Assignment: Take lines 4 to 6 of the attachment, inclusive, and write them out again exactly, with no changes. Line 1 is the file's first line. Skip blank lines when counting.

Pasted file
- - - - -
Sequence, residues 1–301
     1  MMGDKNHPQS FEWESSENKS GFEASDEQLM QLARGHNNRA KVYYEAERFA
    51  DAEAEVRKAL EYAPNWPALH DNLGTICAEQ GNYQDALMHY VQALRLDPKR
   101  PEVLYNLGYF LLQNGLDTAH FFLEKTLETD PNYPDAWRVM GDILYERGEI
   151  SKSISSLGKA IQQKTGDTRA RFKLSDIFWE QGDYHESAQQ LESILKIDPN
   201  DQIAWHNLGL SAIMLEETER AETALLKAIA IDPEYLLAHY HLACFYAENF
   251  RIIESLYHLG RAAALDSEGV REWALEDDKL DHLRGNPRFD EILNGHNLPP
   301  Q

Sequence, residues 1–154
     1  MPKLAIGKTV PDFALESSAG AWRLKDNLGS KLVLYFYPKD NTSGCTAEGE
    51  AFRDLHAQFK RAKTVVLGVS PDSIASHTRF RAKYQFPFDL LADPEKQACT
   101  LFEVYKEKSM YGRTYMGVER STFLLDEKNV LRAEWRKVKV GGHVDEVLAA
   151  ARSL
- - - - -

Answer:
   101  PEVLYNLGYF LLQNGLDTAH FFLEKTLETD PNYPDAWRVM GDILYERGEI
   151  SKSISSLGKA IQQKTGDTRA RFKLSDIFWE QGDYHESAQQ LESILKIDPN
   201  DQIAWHNLGL SAIMLEETER AETALLKAIA IDPEYLLAHY HLACFYAENF